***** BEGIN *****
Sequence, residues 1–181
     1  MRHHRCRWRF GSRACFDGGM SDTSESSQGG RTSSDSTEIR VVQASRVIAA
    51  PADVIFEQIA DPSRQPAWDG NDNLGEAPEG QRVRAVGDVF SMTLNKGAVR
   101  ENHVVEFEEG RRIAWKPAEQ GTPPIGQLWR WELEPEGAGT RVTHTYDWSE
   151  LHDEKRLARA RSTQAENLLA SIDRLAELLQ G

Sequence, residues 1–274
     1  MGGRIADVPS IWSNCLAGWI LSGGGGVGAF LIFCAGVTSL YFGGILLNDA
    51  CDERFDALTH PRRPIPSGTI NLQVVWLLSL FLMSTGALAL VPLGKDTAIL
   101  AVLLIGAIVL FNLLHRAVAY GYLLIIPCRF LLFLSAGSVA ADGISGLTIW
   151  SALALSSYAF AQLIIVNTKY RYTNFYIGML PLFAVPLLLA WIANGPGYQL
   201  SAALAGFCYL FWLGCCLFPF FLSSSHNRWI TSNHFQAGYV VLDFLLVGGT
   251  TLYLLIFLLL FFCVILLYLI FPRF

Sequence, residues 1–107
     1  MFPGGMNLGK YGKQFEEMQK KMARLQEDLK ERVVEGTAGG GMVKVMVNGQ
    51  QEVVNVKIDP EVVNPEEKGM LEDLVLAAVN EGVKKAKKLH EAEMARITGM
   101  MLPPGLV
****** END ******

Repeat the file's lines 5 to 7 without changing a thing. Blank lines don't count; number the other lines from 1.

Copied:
   151  LHDEKRLARA RSTQAENLLA SIDRLAELLQ G

Sequence, residues 1–274
     1  MGGRIADVPS IWSNCLAGWI LSGGGGVGAF LIFCAGVTSL YFGGILLNDA